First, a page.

County medical service on the move
El Dorado County residents, especially those in rural areas, may soon have mobile medical services visiting their neighborhoods.
The Board of Supervisors has approved the transfer of $70,000 to the public health department to help fund the acquisition of a mobile clinic.
The Sierra Health Foundation, a nonprofit organization, made the $70,000 grant, according to Lois Hathway, grant manager for the El Dorado County Public Health Department. Ultimately, $200,000 will be needed to purchase the vehicle and put it in the field by mid-summer. Even though the funding is short $130,000, there are several options to get the medical mobile service operating within the next several months.
The county also has requested funding from the California Endowment, a nonprofit organization located in Sacramento. That money will support non-medical efforts, Hathway added, such as family advocacy and outreach services.
“The funding is to provide the community with non-medical services that will be helpful to make sure they will remain healthy in the long run; things like firewood, clothing and food,” Hathway said.
The mobile clinic program also will receive an annual grant of $100,000 for the next three years from the federal government – specifically from the Office of Rural Health Outreach, Hathway explained. That money will be used to staff the clinic.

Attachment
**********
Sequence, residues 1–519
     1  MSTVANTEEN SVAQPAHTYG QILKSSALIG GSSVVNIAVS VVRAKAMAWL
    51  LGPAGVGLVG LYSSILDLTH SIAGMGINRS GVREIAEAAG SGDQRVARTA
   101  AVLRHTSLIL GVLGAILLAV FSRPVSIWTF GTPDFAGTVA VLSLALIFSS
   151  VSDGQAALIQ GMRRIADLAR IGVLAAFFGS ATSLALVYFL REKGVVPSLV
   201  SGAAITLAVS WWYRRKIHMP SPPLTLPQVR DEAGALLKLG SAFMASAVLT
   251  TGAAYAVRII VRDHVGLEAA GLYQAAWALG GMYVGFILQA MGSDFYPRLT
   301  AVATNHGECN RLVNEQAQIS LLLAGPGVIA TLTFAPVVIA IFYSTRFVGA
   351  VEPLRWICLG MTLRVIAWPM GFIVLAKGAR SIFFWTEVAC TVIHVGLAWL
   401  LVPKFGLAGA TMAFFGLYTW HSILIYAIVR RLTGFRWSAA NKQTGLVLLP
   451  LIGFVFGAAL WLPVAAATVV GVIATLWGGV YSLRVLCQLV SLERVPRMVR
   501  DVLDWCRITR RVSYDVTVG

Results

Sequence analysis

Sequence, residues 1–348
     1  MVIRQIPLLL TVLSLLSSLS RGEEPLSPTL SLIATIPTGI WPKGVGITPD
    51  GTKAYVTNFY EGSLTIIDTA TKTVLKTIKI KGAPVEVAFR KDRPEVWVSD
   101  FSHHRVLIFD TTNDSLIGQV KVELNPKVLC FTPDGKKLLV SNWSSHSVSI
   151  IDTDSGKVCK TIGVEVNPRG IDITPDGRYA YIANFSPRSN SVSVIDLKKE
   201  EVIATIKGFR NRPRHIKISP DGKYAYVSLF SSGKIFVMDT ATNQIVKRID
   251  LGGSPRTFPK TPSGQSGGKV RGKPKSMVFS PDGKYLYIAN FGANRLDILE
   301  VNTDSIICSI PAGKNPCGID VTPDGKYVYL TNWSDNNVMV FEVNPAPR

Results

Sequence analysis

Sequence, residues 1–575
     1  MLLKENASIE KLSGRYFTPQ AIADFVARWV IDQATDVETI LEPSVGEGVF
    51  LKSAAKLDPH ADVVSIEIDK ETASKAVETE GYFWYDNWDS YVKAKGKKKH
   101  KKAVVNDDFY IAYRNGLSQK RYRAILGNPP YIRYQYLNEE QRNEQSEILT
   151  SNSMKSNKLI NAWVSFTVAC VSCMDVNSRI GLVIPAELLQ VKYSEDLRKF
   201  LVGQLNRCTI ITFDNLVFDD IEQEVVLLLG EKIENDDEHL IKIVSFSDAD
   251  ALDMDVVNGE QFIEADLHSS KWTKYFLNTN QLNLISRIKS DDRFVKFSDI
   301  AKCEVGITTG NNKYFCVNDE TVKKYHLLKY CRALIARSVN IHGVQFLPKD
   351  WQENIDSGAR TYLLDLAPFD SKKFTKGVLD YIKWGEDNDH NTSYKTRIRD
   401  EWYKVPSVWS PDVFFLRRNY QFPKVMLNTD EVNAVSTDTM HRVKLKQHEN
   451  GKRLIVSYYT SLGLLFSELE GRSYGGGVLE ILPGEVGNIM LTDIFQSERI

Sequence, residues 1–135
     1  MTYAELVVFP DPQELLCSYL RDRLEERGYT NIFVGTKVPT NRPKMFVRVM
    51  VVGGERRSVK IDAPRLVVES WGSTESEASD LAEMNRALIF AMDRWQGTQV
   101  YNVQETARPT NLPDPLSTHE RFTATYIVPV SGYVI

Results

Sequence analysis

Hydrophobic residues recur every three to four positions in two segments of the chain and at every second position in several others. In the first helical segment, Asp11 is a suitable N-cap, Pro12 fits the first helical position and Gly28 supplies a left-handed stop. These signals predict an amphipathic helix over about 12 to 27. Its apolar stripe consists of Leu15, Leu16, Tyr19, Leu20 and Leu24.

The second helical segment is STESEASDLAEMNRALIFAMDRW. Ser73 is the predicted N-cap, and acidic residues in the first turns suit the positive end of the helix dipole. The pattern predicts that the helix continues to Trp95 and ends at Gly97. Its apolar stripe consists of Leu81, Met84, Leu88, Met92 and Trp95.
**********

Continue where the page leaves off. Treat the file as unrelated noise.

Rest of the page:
So far, one staff member, nurse practitioner Michelle Telford-Vegas, has been hired. Telford-Vegas, with one medical assistant and driver, will operate the clinic throughout the county.
“The goal is to serve those people who are having a tough time getting into the hospital because of weather, roads, or other issues,” Telford-Vegas said. “The hope is to also reach people who have no insurance to those who have insurance.”
The clinic will target county rural areas, such as Pollock Pines and then expand into Somerset, Pleasant Valley, and surrounding areas. There are no immediate plans for the clinic to set up in the South Lake Tahoe area.
“Anything at this point is possible. Right now we are targeting areas that need immediate attention and care, and those who have a tough time getting into Marshall (Hospital),” Telford-Vegas said.
While Telford-Vegas said it is a modification of the old, “house call” type of doctor service, the clinic will not be going to residential homes. Rather, it will set up in parking lots of local supermarkets or community centers. Operating hours have yet to be determined, however Telford-Vegas knows they will last until at least 7:30 p.m. to accommodate working parents. It will be open on Saturdays.
“This is a very good idea. I like the idea of helping people who have a hard time accessing health care,” she said. “It will be a big undertaking and very challenging, but it will be really nice helping people who just can’t get into town.”
Both Telford-Vegas and Hathway hope the mobile clinic will be serving the public within three months.
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